OSLO (Reuters) – A decision on whether to include the centrist Liberal Party in Norway’s coalition will be made by Monday, two sources said, adding that talks between it and the minority government were advancing faster than planned.
Prime Minister Erna Solberg’s administration consists of her Conservative Party and the smaller right-wing Progress Party. It has been negotiating to bring in the Liberals since the start of January.
Adding the Liberals would make day-to-day governing easier for Solberg, but the three parties together would still hold only 80 seats in Norway’s 169-seat assembly and need support from the Christian Democrats to pass legislation.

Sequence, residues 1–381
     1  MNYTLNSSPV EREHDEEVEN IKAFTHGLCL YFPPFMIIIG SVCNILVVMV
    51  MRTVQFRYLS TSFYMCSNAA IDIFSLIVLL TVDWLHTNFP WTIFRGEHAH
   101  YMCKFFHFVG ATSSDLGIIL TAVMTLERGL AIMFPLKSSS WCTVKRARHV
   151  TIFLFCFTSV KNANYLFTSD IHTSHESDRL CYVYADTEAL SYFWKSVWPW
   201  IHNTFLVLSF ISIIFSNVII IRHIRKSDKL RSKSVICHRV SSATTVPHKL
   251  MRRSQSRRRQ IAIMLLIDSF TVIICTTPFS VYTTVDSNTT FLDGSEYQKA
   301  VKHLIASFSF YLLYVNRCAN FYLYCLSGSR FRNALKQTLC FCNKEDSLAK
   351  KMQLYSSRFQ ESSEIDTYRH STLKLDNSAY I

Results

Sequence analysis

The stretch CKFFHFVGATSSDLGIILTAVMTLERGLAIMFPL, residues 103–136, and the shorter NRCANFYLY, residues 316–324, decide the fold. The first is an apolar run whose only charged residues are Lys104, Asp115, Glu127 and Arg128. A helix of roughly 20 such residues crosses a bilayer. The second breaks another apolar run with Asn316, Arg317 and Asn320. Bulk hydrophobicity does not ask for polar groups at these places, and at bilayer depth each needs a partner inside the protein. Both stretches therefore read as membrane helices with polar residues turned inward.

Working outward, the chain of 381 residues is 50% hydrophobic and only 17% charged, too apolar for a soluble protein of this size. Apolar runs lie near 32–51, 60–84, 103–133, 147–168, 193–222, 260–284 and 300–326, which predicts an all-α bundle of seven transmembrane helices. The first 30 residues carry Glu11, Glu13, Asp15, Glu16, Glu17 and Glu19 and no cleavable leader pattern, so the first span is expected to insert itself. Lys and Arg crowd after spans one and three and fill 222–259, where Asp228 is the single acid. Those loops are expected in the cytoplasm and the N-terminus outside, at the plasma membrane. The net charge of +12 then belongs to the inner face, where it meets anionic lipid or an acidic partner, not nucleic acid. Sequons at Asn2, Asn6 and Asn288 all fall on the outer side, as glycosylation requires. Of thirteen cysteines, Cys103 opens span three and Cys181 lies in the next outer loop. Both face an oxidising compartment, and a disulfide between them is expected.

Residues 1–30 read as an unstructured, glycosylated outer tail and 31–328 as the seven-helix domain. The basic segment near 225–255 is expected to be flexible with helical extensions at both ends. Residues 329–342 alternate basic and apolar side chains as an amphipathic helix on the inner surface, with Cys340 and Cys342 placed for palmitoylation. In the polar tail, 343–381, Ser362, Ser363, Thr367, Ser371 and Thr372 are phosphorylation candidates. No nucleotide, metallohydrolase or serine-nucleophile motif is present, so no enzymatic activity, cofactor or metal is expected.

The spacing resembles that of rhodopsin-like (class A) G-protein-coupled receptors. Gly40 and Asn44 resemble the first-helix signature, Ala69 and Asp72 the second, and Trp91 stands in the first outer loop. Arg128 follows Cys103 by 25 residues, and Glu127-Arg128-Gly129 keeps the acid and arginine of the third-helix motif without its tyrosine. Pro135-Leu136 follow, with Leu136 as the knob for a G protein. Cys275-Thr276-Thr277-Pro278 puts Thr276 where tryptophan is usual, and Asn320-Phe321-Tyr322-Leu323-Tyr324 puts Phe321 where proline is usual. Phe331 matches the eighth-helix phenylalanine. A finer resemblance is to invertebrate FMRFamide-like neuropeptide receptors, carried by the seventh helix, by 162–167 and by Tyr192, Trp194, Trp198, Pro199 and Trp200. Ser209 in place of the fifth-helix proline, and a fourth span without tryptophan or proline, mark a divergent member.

Public broadcaster NRK said an agreement had already been reached, but the two sources with knowledge of the negotiations told Reuters on Friday that there was still work to be done.
A deadline of Jan. 19 had been set for the talks, but they were progressing faster than planned, the sources said.
While the Christian Democrats, who hold eight seats, back the prime minister on fiscal matters, they have rejected overtures to enter government.
(Reporting by Terje Solsvik and Joachim Dagenborg, editing by Camilla Knudsen)